Dispelling myths about refugees and their life experiences
Waterloo English professor wins prestigious Polanyi Prize to continue to examine the shared connections among Vietnamese, Syrian and Mennonite refugees
Waterloo English professor wins prestigious Polanyi Prize to continue to examine the shared connections among Vietnamese, Syrian and Mennonite refugeesBy Kira Vermond University Communications
When the heartbreaking photo of Alan Kurdi, the drowned three-year-old Syrian boy, made global headlines in 2015, it galvanized many Canadians into action.
But for Vinh Nguyen, an English professor in the Faculty of Arts, the moment signaled something else: a time for former Vietnamese refugees to contemplate how their own memories of displacement and loss connect them to Syrians.
Nguyen is a refugee himself, one of the three million people who fled Vietnam, Cambodia and Laos after 1975, during a period of great upheaval and violence. As a small child, he spent time at a Thai refugee camp before eventually coming to Canada.
Today, Nguyen, also a professor of humanities and East Asian studies at Renison University College, is quick to point out that his family’s migration is only one chapter of his life’s story. Nguyen’s work examines how refugee narratives are often depicted solely in terms of trauma, rather than describing them as they truly are: richly textured and full of fears, hopes and day-to-day frustrations and joys.
“In the media there’s a sense that refugees are these people who are poor, helpless and at the edge of death,” he says. “That’s true, of course, but these people were also students, artists, writers, professors and waitresses. We need a more complex narrative.”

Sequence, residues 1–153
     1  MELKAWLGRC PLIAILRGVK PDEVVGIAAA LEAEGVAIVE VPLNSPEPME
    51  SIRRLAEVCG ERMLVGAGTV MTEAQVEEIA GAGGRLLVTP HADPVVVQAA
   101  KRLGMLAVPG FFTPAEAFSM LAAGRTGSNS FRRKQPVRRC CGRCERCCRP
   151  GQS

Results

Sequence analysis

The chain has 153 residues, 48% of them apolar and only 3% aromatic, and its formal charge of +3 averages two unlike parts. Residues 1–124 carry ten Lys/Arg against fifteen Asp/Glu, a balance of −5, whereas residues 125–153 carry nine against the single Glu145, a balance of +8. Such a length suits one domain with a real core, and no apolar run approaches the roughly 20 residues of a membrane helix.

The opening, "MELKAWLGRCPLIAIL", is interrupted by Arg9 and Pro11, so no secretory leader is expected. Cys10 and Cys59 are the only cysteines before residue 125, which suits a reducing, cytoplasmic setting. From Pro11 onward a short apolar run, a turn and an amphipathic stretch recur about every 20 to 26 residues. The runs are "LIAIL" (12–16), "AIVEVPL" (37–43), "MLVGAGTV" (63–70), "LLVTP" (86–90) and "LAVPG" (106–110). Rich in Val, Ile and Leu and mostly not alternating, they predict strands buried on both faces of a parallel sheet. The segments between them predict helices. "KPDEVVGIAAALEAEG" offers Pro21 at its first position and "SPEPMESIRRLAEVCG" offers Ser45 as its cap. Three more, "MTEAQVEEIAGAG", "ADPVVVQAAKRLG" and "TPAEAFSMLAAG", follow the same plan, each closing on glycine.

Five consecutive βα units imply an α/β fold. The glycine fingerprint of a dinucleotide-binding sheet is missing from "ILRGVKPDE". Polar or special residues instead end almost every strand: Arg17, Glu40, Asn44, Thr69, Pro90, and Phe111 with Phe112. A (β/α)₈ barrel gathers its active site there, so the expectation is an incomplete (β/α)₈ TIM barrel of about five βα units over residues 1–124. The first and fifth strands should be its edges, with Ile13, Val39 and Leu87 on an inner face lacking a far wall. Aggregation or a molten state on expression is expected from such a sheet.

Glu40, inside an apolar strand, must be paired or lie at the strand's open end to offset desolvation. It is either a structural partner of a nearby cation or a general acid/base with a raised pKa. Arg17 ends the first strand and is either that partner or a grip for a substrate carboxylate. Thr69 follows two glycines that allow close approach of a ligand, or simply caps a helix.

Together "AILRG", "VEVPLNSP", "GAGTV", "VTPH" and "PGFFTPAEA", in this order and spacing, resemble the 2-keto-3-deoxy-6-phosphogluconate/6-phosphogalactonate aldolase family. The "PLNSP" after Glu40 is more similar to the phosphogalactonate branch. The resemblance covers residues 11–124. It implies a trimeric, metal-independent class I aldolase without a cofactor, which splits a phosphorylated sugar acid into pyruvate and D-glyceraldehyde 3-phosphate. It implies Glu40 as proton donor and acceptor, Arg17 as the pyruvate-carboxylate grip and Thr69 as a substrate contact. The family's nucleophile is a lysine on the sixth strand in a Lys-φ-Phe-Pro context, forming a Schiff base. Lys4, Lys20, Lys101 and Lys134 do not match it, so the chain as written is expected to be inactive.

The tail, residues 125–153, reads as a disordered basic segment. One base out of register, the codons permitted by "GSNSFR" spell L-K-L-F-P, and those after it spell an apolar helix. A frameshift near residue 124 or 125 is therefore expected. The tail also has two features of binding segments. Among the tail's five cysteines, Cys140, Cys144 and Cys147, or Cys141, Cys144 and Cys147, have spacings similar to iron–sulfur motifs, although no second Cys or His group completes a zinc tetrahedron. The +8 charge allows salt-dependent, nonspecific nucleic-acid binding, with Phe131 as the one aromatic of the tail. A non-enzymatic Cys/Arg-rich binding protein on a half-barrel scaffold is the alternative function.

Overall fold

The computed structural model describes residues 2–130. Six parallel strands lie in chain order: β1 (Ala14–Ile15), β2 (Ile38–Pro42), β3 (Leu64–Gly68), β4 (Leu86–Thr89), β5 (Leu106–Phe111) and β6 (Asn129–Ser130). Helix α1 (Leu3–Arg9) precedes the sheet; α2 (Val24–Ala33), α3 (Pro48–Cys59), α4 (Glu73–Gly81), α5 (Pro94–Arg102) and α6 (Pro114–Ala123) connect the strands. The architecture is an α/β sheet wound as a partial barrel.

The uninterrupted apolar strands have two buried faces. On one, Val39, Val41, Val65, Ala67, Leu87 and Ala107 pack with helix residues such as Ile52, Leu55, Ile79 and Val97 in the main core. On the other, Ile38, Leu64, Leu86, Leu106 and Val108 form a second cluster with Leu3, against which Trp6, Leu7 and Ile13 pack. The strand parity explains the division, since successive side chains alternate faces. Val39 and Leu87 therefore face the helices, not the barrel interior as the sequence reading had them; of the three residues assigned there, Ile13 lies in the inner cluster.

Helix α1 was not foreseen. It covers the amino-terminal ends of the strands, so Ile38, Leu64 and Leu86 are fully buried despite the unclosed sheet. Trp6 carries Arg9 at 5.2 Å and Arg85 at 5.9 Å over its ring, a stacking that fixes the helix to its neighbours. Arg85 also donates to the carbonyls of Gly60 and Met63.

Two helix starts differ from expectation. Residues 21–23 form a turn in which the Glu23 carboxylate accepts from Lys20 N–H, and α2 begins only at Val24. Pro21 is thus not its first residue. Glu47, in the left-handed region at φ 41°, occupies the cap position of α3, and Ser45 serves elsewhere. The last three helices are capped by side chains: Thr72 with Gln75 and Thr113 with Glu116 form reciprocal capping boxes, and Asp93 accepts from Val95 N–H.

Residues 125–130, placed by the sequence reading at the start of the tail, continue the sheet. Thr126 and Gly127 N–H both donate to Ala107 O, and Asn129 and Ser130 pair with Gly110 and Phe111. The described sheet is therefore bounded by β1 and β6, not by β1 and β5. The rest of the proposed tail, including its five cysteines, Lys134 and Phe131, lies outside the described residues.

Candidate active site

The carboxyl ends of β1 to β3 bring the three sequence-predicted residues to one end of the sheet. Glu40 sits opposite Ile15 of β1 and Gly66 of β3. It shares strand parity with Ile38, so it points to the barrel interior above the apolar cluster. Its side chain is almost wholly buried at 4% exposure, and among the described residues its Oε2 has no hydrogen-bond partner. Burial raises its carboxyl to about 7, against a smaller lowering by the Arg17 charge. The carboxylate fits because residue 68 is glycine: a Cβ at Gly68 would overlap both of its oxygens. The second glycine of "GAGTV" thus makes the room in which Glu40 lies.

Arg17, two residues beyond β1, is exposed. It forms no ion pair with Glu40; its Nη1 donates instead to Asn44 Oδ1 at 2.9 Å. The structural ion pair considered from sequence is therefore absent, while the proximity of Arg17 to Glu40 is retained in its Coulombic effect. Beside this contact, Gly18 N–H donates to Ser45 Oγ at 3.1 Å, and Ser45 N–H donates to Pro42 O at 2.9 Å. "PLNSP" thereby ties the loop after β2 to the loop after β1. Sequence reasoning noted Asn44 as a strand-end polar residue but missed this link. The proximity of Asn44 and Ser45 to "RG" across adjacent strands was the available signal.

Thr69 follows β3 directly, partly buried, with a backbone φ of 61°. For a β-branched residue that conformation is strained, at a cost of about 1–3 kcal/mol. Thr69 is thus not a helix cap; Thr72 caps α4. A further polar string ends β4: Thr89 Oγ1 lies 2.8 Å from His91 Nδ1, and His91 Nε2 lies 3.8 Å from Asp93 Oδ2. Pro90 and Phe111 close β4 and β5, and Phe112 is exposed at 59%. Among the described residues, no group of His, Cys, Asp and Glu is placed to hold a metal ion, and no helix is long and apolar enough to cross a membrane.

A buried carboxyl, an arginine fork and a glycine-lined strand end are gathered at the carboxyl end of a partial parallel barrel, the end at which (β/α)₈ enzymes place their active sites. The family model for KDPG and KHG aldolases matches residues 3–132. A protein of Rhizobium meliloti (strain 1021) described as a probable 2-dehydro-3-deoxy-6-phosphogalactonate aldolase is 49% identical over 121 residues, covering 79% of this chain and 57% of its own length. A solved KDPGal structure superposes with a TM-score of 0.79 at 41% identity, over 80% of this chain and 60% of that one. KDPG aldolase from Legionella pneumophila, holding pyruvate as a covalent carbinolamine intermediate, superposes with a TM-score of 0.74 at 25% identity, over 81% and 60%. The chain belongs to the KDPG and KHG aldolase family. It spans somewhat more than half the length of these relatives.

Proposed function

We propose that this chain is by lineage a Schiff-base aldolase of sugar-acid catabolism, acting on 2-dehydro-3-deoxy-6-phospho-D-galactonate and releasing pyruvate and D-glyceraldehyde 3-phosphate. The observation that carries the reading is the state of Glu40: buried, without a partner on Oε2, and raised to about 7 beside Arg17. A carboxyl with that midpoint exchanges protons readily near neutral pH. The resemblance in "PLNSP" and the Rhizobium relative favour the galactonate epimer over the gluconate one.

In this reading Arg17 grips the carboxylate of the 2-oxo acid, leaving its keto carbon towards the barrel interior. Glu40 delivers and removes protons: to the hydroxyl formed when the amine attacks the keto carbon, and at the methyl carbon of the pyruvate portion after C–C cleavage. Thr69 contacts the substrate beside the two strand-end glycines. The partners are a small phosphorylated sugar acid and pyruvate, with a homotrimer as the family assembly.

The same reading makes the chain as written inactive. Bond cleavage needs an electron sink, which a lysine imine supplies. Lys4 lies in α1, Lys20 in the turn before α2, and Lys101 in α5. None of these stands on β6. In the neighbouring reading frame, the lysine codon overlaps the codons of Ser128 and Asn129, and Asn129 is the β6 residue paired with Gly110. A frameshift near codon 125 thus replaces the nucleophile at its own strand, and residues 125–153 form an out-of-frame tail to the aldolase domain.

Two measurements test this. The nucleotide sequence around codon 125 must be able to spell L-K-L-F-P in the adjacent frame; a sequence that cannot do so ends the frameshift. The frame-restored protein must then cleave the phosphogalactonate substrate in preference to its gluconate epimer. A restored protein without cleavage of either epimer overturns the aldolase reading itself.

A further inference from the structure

Now, with his prestigious 2017 Polanyi Prize in Literature win, Nguyen will be able to continue exploring the shared historical and political connections between three “waves” of refugees in the postwar era. He’s interviewing recent refugees from Syria, those from Vietnam, and survivors of a major wave of Mennonite immigration to Canada during and after the Second World War. By collecting their stories, he plans to use that material to dispel myths that refugees are apolitical or passive.
For instance, Vietnamese refugees in Toronto advocated on behalf of new Syrian refugees and also sponsored them, while Mennonites supported Vietnamese refugees during their migration wave in the 1970s and 1980s. In a sense, a refugee never truly stops being a refugee – which is not necessarily a negative thing.
“I think for me, it’s productive to think of the condition of ‘refugee’ as sticking with us in some way that can enable compassion and politics, and how we live our lives in a very different way,” says Nguyen.